It is worth remembering what a lasting impact the nineteenth century impresario, Richard D’Oyly Carte, had on London’s theatreland. Having brought Arthur Sullivan and W. S. Gilbert together he built the Savoy Theatre in order to stage their works. Later, in an attempt to establish more serious opera, Carte built the Royal English Opera House; which is now known as the Palace Theatre. Although it staged Arthur Sullivan’s “Ivanhoe”, none of Gilbert and Sullivan’s operettas ever made it onto the grand stage.
Sasha Regan’s all male “Pirates of Penzance” has enjoyed success for a decade now in the UK and Australia, its journey briefly interrupted by the pandemic. But in true buccaneering style, the company have grabbed the opportunity to plunder the West End, while many theatres are still sleeping, and seize the accolade of presenting the first Gilbert and Sullivan work to play in D’Oyly Carte’s purpose-built theatre. And it deserves it.
The company don’t take the stage by storm. Instead, they use the weapons of wit, joy, irreverence, humour and harmony. It is perhaps one of Gilbert and Sullivan’s most accessible comic operas, containing some of Sullivan’s most recognised music. Gilbert’s libretto has a simplicity and clarity which matches Regan’s staging. What will lodge in the memory for a long time is how the production transports you to a bygone era. The space is vast, even by West End standards, but the cast fill it completely with a stripped back set, one piano, a bunch of finely tuned singers, and not a single microphone between them. Nothing is forced either. Musical Director Richard Baker’s piano notes and arpeggios float across the auditorium carrying the voices with them to the far corners of the theatre. Lizzi Gee’s superb choreography may have been devised with smaller spaces in mind, but the physicality of the ensemble make no apologies and they pull it off.
Set during Queen Victoria’s reign on the coast of Cornwall, the story concerns the dutiful and soft-hearted Frederic who, having reached his twenty-first year has been released from his apprenticeship to a band of equally benevolent pirates. He promptly falls in love with Mabel, the daughter of the very model of a modern Major-General. Yet he soon learns that he was born on the twenty-ninth of February, so only has a birthday every four years. Which makes him only five years old, meaning he has another sixty years to serve. What ensues is a gorgeous romp through the themes of courage, duty and honour.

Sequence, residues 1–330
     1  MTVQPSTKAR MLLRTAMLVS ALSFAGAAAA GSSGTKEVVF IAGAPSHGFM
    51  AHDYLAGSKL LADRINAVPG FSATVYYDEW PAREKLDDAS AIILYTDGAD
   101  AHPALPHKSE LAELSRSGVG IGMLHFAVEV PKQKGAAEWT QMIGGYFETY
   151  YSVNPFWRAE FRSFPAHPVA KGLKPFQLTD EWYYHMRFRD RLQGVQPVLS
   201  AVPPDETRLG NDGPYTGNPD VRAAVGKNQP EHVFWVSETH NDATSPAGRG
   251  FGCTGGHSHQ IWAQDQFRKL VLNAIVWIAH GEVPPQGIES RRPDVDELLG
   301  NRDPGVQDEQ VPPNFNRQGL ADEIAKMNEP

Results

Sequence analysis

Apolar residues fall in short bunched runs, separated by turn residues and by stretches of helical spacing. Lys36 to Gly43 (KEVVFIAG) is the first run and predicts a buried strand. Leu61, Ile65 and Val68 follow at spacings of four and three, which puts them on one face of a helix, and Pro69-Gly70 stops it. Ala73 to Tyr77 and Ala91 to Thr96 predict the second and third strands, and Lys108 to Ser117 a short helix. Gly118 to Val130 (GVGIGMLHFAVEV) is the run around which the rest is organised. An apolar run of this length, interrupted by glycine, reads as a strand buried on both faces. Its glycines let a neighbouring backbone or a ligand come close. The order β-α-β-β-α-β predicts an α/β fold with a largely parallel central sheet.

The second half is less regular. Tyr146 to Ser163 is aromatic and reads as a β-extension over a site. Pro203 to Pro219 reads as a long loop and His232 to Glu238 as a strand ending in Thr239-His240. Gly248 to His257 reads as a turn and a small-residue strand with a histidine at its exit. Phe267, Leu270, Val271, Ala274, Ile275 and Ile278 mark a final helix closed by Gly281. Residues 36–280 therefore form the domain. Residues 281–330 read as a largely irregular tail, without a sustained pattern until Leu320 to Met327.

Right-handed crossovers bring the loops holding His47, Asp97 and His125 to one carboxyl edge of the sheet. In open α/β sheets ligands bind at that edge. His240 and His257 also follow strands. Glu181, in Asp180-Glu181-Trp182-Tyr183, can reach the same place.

Alan Richardson, as Mabel, stuns us with his soaring falsetto. But it is unfair to single him out, the entire ensemble is pitch perfect, from bass through to soprano. It is credit to the cast that at no point does it really occur to us that we are watching men dressed as women. There is plenty of chest and facial hair on view, but such are the nuances, mannerisms and finesse of the cast, we are convinced. This is not high camp; it is not drag; it is character acting at its finest. Tom Senior’s Frederic is just as convincing, and you believe in the chemistry between the actors. Leon Craig’s hapless nurse, Ruth, is a master of comedy, vying for the laughs with David McKechnie’s Major-General. The accolades, though, belong to the entire team and given space they would all receive a special mention.
The continued success of the all-male “Pirates of Penzance” is undoubtedly on dry land; and this stunning production feels completely at home in the West End. Yes, maybe it might not have made it there in normal times (though I like to think it would), but we can certainly hoist the flag to celebrate one of the most delightful, innovative, funny and musically rich interpretations of Gilbert and Sullivan.